So basically, this is ridiculous. How I’m supposed to know within a few heavily filtered pictures and a bio of 300 characters or less, if this person is a) not a serial killer, b) not going to drug my drink and c) someone I’d actually like to talk to and, ideally meet, is not within my knowledge. Not to mention that you can’t smell a person through a phone, isn’t a good percentage of attraction scent? What if he smells like rotting eggs? Or ladies perfume? Not only are we heading into the dating realm without any physical sense of the other person’s energy, but without a nose as well.

One full week in I am making the most of it, I even met one guy in person. I don’t believe that he is a serial killer and he did not drug my drink. That being said, I don’t plan to see him again either. I learned about his several moves, his travels, his job, why he doesn’t like his job, why he hasn’t yet left his job, his alcoholic brother, his lazy sister, his lazy mother, his dad, his parents separation, his step dad, his step-parents separation, his time so far in BC, his trade tickets, what courses he’s taking and more. What did he learn about me? That I am a hairstylist and barber who rents a chair. It didn’t fully occur to me until after the date was over that he maybe asked me one question the entire 3 hours that we were together. At one point in conversation I even said, “Well you haven’t asked me anything yet,” and he replied, “Oh, I guess you just told me everything,”.

Why am I confident about sharing all of this in my blog so publicly? Because he doesn’t know it exists. Why doesn’t he know it exists? Because he literally knows nothing about me.

I am an open book, ask me just about anything and I will answer honestly. What I can’t play into is all of the so called dating rules. I say things that I’m not supposed to say, do things that I’m not supposed to do, and basically the rule book is up in flames. For example, when my phone rings halfway through the date and I wouldn’t normally answer it, but I have to because it’s my girlfriend calling to offer me an out and if I don’t pick up she’ll assume he’s kidnapped me, why can’t I tell him after saying, “I’m fine,” and hanging up, that it was my escape call? Doesn’t everybody do this? And even if they don’t, wouldn’t he be happy that I didn’t take the out? Or online before agreeing to meet, why can’t I send him a list of questions that helps me determine whether or not he’s worth meeting in person? Mine goes a little something like this:

“Do you smoke?
Is the glass half full or half empty?
Is country music a blessing or a deal breaker?
can you cross the border into the U.S.?
How much alcohol do you drink on average?
Do you like to party?
Do you have any children?
Are you currently married?
Assuming one day in the future you meet the right person would you like to one day be married?
Do you want children?
What is your goal on online dating?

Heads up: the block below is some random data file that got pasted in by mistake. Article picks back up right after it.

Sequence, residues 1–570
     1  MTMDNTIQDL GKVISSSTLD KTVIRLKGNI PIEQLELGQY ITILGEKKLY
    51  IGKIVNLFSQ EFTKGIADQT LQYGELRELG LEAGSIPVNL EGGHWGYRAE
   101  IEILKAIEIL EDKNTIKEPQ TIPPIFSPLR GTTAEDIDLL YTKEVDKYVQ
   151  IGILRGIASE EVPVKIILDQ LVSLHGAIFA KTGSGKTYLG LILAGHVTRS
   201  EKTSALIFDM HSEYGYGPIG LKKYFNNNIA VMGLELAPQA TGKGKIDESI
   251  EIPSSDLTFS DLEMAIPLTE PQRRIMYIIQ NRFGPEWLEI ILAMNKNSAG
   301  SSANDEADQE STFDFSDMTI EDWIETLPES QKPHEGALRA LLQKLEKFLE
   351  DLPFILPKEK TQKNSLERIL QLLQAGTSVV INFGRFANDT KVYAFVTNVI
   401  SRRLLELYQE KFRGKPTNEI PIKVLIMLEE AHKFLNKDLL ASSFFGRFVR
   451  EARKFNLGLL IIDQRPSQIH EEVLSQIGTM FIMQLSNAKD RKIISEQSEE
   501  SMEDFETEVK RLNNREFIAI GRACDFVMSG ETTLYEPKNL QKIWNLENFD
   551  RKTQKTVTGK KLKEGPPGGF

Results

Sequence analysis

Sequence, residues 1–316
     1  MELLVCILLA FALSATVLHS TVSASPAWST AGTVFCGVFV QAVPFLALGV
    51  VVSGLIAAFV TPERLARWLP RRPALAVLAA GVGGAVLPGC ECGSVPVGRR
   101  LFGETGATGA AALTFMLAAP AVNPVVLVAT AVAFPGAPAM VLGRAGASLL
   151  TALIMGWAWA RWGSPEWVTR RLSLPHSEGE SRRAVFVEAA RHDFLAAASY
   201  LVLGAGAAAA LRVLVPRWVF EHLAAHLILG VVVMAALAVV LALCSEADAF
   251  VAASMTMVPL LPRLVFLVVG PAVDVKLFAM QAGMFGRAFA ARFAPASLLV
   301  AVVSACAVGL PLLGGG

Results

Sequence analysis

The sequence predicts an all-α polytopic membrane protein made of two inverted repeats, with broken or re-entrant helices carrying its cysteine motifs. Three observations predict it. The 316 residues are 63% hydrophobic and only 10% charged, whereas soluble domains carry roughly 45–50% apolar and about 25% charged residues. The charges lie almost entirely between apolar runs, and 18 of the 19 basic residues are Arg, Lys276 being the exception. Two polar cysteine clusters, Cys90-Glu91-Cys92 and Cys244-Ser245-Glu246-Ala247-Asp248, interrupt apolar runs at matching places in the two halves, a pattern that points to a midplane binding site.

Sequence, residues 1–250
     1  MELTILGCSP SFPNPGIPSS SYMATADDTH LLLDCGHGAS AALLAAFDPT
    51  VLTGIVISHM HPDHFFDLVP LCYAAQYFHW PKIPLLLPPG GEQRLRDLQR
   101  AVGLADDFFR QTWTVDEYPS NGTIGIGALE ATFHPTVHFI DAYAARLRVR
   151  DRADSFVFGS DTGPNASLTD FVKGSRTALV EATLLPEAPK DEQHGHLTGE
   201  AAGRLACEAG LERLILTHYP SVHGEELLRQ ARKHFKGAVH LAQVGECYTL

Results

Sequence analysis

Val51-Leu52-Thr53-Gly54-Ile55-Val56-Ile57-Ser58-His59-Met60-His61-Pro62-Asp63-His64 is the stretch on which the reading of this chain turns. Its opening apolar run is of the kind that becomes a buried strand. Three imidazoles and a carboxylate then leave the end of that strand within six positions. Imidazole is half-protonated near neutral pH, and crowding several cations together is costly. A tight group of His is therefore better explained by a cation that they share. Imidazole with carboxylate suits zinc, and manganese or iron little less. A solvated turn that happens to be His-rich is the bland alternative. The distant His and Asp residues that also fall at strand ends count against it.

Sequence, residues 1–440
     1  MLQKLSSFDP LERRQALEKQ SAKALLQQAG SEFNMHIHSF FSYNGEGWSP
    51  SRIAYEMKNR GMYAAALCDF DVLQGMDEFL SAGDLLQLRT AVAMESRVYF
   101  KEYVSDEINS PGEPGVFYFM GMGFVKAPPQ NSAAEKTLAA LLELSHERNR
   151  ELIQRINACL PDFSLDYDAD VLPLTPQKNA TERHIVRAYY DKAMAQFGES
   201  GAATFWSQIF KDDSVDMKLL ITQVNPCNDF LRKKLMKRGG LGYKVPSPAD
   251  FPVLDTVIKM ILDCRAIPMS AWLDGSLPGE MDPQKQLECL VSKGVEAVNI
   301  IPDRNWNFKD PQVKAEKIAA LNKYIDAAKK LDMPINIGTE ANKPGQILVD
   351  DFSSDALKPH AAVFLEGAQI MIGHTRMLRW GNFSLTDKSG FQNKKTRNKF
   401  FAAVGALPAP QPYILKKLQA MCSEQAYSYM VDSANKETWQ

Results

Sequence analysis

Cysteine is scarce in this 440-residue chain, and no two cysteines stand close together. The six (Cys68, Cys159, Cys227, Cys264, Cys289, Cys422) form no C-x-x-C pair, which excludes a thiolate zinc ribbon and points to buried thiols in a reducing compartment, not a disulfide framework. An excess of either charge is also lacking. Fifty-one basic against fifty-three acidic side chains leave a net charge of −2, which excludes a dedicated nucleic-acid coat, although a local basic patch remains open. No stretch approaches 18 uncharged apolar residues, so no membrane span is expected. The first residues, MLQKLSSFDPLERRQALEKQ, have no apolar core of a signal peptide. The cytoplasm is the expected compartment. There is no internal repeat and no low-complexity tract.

Is this form of questioning too much for you? [insert mood-lightening emoji]”

I’m not stupid, but I’m also not desperate or looking for a cheap hookup. I realize that these questions will scare some people off, but the way I see it is that will weed out the ones who aren’t worth me taking the time and energy to meet in person. I mean really, if you can’t answer some pretty basic questions about yourself and where you would like your life to go, then should you be dating at all? Certainly you should not be dating someone like me!

My date last week was a good sport about these questions, which is why I decided to meet him, and when we did he told me that if he ever asked a girl a series of questions like that she’d stop talking to him. Are we so uncomfortable with who we are or what we want in life that these questions should be scary? There are a lot worse and scarier things being sent through online dating before meeting a guy! There are thousands of people online dating, so what if I don’t want to meet you if you smoke? Someone else is still going to want to meet you. So what if someone doesn’t want to meet me because they’re uncomfortable asking those questions? There are a thousand others to choose from. This is both the blessing and the curse of online dating. Your options are endless.

Would I ask this series of questions to someone who asked me on a date in person? No, of course not. When you get asked on a date in person you can sense the other person’s energy. You have a gut reaction based on this energy that tells you whether to say yes or no. Online all you have are potentially fake photos and conversation in which the person may or may not lie. No facial cues, no body language, no tone of voice, no eye contact. I would think that in an age where the dating options were endless, people would be true to themselves more than ever, knowing that if one person didn’t like them, another would. However, all it seems to have done is increase our chances of rejection and hide us behind a computer screen so that we can portray ourselves however we think the other person will want us to. In a time where we are more free to be our true selves than ever in the past, why are we all still hiding and playing these games?

Am I the weird one or is everybody else? Does everybody who successfully online dates play into the social standards and so-called norms? To meet someone do I have to pretend to be someone I’m not, scrap my list of questions, let the guy send me an un-requested dick-pic and smoke in the car after not picking me up? Personally, I’d rather stay single.

 

Send me your online dating horror stories to share! Do you follow the rules or play by your own?

The Gift of Chronic Illness

I can’t believe that it’s been a full year of Lyme treatment and over 2.5 years since my first definitive symptom. Just over a year ago I didn’t even know what Chronic Lyme disease was. I had no idea the severity of the situation or how the Doctors of BC would quite literally leave me to die.